Lighting or illumination is the deliberate use of light to achieve a sensible or aesthetic effect. Lighting contains using both artificial light sources like lamps and light fixtures, as well as pure illumination by capturing daylight. Daylighting (using windows, skylights, or light cabinets) is typically used as the primary supply of light during daytime in buildings. This will save power rather than using artificial lighting, which represents a major part of power consumption in buildings. Correct lighting can enhance task performance, enhance the appearance of an space, or have optimistic psychological results on occupants.
Indoor lighting is usually achieved using light fixtures, and is a key part of interior design. Lighting can also be an intrinsic part of panorama projects.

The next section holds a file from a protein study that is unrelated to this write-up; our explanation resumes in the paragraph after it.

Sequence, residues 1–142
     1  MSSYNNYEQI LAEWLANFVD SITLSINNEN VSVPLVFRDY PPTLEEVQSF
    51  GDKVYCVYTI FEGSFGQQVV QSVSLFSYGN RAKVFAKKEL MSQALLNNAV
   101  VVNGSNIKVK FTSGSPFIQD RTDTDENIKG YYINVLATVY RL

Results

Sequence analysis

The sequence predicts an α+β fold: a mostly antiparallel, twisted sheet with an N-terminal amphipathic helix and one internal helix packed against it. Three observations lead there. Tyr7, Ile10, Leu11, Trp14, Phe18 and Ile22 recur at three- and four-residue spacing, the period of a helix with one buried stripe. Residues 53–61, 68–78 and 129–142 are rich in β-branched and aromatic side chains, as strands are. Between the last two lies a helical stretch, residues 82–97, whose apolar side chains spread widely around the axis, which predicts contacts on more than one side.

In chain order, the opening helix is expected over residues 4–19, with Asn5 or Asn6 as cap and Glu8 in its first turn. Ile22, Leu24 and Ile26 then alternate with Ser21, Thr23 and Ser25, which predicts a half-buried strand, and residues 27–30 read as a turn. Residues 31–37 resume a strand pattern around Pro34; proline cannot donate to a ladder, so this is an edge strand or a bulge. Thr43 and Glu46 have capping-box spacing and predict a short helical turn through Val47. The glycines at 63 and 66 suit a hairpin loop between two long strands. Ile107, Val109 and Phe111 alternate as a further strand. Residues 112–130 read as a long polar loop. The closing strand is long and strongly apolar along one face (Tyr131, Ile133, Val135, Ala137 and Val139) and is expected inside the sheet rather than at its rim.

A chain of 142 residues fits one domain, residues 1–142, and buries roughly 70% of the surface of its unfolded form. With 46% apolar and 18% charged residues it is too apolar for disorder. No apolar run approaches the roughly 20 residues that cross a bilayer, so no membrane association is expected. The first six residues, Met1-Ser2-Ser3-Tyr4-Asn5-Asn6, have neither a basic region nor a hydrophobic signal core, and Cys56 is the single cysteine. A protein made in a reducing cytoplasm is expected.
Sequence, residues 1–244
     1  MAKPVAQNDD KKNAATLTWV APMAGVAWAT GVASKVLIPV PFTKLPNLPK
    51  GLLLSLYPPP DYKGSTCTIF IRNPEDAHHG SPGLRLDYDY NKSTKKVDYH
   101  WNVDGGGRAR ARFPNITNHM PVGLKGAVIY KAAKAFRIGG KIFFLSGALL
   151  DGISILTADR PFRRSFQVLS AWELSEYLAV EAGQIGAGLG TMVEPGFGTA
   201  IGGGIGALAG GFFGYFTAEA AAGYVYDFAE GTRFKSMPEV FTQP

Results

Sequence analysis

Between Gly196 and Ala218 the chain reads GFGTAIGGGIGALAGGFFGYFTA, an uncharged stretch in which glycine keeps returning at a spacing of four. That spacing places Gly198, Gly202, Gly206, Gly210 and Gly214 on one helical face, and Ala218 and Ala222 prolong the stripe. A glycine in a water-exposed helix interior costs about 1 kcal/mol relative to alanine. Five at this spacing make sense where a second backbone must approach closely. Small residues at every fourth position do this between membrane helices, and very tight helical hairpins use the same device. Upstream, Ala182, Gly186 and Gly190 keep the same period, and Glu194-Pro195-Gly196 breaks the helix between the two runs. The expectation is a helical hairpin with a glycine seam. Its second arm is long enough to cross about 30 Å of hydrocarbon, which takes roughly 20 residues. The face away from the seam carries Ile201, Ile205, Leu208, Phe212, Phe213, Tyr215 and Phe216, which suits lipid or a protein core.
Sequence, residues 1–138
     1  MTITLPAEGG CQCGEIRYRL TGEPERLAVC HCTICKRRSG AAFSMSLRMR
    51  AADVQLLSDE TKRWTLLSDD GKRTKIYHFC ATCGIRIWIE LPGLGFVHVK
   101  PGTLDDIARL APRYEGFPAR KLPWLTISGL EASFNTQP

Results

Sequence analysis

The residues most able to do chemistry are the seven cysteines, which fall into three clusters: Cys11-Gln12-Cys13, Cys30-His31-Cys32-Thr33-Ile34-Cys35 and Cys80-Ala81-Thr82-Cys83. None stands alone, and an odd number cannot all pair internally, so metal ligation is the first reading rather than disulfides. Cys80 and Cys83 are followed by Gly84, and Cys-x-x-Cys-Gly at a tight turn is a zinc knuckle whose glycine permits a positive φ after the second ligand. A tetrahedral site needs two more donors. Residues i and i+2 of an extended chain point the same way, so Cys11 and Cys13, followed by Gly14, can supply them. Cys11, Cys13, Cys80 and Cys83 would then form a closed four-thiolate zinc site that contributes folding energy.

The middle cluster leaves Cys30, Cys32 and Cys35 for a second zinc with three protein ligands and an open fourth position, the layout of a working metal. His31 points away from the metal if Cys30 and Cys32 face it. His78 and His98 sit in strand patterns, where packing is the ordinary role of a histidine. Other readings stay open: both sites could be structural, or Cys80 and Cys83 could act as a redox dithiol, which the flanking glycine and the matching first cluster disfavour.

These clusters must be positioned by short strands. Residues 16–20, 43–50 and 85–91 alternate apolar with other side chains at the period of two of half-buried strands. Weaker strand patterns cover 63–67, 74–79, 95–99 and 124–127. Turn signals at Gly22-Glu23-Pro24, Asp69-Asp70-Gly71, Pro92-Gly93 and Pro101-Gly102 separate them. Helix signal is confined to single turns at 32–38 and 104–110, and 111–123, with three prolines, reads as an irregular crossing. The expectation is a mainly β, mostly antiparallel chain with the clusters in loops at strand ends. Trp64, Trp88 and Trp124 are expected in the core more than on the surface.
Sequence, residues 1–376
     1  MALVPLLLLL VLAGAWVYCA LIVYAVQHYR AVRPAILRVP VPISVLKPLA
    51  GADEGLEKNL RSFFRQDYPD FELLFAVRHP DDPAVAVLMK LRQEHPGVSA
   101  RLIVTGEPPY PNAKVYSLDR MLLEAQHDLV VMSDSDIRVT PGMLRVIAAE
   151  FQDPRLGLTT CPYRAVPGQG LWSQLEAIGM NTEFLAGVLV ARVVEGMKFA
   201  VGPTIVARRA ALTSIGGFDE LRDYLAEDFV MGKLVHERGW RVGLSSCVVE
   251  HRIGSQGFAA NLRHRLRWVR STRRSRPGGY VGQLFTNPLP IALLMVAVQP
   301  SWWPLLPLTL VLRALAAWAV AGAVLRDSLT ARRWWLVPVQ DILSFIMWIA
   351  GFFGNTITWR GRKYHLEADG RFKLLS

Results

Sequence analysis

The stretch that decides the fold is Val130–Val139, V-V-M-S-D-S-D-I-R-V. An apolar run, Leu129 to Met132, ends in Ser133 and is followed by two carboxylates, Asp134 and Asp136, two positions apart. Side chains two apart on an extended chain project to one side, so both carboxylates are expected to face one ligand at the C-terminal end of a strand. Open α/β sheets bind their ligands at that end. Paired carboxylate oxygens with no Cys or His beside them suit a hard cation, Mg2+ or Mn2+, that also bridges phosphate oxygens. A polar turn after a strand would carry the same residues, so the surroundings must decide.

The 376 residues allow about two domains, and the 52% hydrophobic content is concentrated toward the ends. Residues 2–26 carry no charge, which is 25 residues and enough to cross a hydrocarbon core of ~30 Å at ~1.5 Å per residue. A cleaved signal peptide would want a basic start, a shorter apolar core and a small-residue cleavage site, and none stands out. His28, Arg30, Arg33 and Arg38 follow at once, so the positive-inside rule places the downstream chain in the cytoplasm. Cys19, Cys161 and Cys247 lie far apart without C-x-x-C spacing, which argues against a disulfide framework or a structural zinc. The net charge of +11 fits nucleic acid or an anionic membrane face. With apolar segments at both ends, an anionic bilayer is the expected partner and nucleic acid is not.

With the discovery of fireside, the earliest form of artificial lighting used to illuminate an space were campfires or torches. As early as 400,000 BCE, hearth was kindled in the caves of Peking Man. Prehistoric individuals used primitive oil lamps to illuminate surroundings. These lamps were constructed from naturally occurring supplies akin to rocks, shells, horns and stones, were filled with grease, and had a fiber wick. Lamps sometimes used animal or vegetable fats as fuel. Tons of of these lamps (hollow worked stones) have been found in the Lascaux caves in fashionable-day France, courting to about 15,000 years ago. Oily animals (birds and fish) were additionally used as lamps after being threaded with a wick. Fireflies have been used as lighting sources. Candles and glass and pottery lamps were additionally invented
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